Philipsburg Borough, Pennsylvania, (population 3,056) was founded in 1797 and was originally named Mushannon (Moshannon), meaning “Black Water.” The community’s origin is well documented in the daybooks and ledgers kept by founder Henry Philips, who purchased approximately 350,000 acres on the western slope of the Allegheny Mountains for $173,000. According to several reports, this land was then auctioned on the streets of Philadelphia for two cents per acre.
The location was considered desirable for several reasons: it was close to Moshannon Creek, the area was elevated, offering flood protection, and the state highway came through in 1796, offering access to nearby towns.
The region developed around the lumber industry and later on, coal mining. Philipsburg has experienced many booms and busts over the years. Two local groups, the Moshannon Valley Economic Development Partnership and the Philipsburg Revitalization Corporation, are working to strengthen the area’s economy.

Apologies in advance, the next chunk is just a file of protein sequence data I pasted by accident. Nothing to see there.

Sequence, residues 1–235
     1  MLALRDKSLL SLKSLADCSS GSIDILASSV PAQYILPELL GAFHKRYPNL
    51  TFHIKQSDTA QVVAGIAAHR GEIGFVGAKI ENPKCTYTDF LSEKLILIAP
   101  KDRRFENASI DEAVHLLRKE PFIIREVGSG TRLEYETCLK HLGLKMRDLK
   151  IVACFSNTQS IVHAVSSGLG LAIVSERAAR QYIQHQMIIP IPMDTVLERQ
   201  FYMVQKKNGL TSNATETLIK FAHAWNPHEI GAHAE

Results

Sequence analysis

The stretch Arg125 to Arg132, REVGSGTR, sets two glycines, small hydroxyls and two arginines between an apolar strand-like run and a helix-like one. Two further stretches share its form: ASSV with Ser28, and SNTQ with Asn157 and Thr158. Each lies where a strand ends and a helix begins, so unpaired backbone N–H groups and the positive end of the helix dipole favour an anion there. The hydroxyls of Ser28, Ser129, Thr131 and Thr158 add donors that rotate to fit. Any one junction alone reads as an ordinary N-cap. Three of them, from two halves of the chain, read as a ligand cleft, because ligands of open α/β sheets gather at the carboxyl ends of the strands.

Philipsburg Borough offers historic downtown and residential walking tours. Two of the town’s historic landmarks are the Union “Old Mud” Church, completed in 1842 and so-called because of an exterior stucco layer, and the Simler House, the oldest known structure in Philipsburg. The Rowland Theater, listed on the National Register of Historic Places, is a 1917 vaudeville/movie palace.
Each year, Philipsburg hosts Heritage Days, a week-long festival that attracts about 12,000 visitors.
Designated a Preserve America Community in December 2007.
For more information
Philipsburg Historical Foundation